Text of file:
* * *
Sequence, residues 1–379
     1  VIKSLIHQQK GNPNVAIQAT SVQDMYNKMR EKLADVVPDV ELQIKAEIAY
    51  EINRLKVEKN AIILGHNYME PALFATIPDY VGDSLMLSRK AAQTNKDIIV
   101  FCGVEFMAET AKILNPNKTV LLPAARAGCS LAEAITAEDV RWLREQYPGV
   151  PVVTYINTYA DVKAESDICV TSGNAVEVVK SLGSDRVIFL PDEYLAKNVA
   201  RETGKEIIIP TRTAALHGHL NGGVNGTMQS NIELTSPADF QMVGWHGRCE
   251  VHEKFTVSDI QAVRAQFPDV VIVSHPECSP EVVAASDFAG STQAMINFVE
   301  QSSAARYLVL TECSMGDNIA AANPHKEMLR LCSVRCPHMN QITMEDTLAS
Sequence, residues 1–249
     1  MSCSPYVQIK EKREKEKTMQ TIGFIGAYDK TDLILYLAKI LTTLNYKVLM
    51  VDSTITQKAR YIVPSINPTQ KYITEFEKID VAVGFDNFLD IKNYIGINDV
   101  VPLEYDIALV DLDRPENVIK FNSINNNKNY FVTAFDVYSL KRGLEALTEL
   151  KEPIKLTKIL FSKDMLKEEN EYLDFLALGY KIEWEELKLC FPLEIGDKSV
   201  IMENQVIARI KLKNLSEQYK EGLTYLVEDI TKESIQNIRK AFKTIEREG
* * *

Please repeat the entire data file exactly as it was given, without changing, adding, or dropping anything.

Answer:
Sequence, residues 1–379
     1  VIKSLIHQQK GNPNVAIQAT SVQDMYNKMR EKLADVVPDV ELQIKAEIAY
    51  EINRLKVEKN AIILGHNYME PALFATIPDY VGDSLMLSRK AAQTNKDIIV
   101  FCGVEFMAET AKILNPNKTV LLPAARAGCS LAEAITAEDV RWLREQYPGV
   151  PVVTYINTYA DVKAESDICV TSGNAVEVVK SLGSDRVIFL PDEYLAKNVA
   201  RETGKEIIIP TRTAALHGHL NGGVNGTMQS NIELTSPADF QMVGWHGRCE
   251  VHEKFTVSDI QAVRAQFPDV VIVSHPECSP EVVAASDFAG STQAMINFVE
   301  QSSAARYLVL TECSMGDNIA AANPHKEMLR LCSVRCPHMN QITMEDTLAS
Sequence, residues 1–249
     1  MSCSPYVQIK EKREKEKTMQ TIGFIGAYDK TDLILYLAKI LTTLNYKVLM
    51  VDSTITQKAR YIVPSINPTQ KYITEFEKID VAVGFDNFLD IKNYIGINDV
   101  VPLEYDIALV DLDRPENVIK FNSINNNKNY FVTAFDVYSL KRGLEALTEL
   151  KEPIKLTKIL FSKDMLKEEN EYLDFLALGY KIEWEELKLC FPLEIGDKSV
   201  IMENQVIARI KLKNLSEQYK EGLTYLVEDI TKESIQNIRK AFKTIEREG